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Why it pays to plan for iterative development on your website

  • By 3chillies

Most development on a website usually happens within the confines of a significant project. You might be involved in building a new site, carrying out a redesign or rebrand, having to replatform or upgrade, or carry out a package of changes that amount to a relaunch. This model works fine for many organisations, but it does have two significant drawbacks.

Firstly, most sites have a laundry list of site improvements that need to be made, but teams need to wait until the next big project for the work to get carried out. That means “business-as-usual”, significant changes and additional features could take several months to be prioritised and actioned.

Secondly, the opportunity for continuous improvement is missed – where iterative changes are made on an ongoing basis, closely reflecting measurement and user feedback, leading to a more strategic, data-driven and impactful evolution of a site, all achieved with less effort and cost.

In this post we’re going to explore how planning for regular, iterative development for a website when in business-as-usual can lead to various benefits. It’s an approach that some of our clients follow and works really well.

The need for more development

When a website project is delivered and you go into “business-as-usual” there are usually various reasons why there is a call for more development:

  • Websites and digital projects are seldom completely wrapped up. There is always more that can be done to make them better.
  • As part of any project there will be requests that will have fallen out of scope, some of which might have a major impact. This means there will be a backlog beckoning from day one.
  • Some websites and projects are delivered as a Minimum Viable Project (MVP) so are designed with a backlog in mind.
  • When a site goes live there may be features that don’t quite work as expected, or user feedback will highlight obvious gaps. Getting feedback to inform your backlog is great, but it creates a demand for more work.
  • When a site launches, inevitably business stakeholders may also come with suggestions for improvements, again creating more features to add.

However, the next development may not happen due to various reasons:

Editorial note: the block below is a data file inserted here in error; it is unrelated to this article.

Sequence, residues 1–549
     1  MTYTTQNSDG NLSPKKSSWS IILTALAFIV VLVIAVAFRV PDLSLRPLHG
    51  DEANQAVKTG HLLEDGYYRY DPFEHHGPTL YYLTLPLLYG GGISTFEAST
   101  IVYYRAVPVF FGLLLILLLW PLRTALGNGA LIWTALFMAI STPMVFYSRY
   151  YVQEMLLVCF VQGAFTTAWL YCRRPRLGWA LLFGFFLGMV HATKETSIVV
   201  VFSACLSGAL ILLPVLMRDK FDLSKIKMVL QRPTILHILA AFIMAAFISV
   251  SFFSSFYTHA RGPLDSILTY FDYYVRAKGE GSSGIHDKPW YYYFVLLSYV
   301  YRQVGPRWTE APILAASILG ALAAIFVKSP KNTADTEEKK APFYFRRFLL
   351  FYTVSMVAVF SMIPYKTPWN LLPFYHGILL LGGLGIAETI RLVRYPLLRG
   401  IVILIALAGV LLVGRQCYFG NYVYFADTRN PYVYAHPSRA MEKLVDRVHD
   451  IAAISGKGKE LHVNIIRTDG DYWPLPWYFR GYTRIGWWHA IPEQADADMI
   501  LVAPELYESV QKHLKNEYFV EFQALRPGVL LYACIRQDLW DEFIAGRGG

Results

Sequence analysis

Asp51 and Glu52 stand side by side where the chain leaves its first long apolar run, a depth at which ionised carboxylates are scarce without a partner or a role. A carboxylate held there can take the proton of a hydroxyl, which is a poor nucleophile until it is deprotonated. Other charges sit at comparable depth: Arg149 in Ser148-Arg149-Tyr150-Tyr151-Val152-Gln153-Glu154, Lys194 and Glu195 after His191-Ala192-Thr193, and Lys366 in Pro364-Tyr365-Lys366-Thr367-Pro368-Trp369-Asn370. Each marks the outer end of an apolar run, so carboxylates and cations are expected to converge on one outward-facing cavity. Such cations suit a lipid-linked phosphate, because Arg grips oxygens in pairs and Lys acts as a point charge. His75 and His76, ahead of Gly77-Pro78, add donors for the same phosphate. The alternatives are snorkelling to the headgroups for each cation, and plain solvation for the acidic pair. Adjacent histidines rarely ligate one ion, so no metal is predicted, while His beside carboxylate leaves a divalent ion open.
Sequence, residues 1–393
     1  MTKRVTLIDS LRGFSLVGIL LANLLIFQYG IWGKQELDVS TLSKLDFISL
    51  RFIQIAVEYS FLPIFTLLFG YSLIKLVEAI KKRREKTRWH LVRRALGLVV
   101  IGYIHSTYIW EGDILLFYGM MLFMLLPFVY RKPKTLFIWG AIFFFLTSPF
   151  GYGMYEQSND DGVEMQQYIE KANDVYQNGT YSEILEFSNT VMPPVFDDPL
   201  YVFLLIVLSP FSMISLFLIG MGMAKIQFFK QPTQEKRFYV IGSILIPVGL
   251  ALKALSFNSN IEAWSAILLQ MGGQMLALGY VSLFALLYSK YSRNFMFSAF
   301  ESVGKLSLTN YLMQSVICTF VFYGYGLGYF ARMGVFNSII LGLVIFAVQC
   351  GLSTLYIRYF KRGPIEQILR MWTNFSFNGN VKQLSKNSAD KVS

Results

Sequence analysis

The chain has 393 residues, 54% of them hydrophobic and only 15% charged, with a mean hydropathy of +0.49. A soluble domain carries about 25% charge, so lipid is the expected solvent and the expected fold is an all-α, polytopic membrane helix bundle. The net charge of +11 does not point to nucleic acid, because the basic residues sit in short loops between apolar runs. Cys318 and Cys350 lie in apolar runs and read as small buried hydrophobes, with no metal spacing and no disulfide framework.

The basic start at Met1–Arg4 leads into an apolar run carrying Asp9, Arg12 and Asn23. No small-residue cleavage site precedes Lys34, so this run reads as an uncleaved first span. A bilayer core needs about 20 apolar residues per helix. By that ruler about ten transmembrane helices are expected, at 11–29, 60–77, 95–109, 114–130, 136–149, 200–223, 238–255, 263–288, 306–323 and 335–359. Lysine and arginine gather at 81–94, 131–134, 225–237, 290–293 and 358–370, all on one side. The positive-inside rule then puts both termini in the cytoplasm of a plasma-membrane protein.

• There isn’t the budget available.
  • There are resourcing issues, especially as the project team might need to move onto other areas.
  • There may be little appetite for another project, particularly after just launching a new site.
  • There may be disagreements about what features to prioritise.

Just after a launch some kind of pause is likely and that’s usually fine. However, when there is effectively a development freeze for months and even years then it can be very frustrating for everybody involved.

How iterative development works

To avoid getting into this situation, planning cycles of regular iterative development can reap rewards. It involves:

  • Regular release and development cycles, usually either every month, two months or quarter
  • A regular process around the release and development, with milestones and meetings that are diarised.
  • A regular team across marketing team, IT team, digital agency and business stakeholders with clarity around roles and responsibilities.

Based on our experiences with our clients who have an iterative development approach set-up, we find there are some dependencies for this to work well:

  • Having a documented backlog of changes.
  • Ensuring you have the right DevOps in place for stable and smooth development and deployment.
  • Having the right team in place that can commit the time.
  • Having ongoing budget agreed up front to at least guarantee a minimum amount of development time for each development cycle.
  • Having the right mindset – this approach isn’t for everyone.


There are a number of key benefits to this approach:

  1. Delivers continuous improvement aligned to business and user needs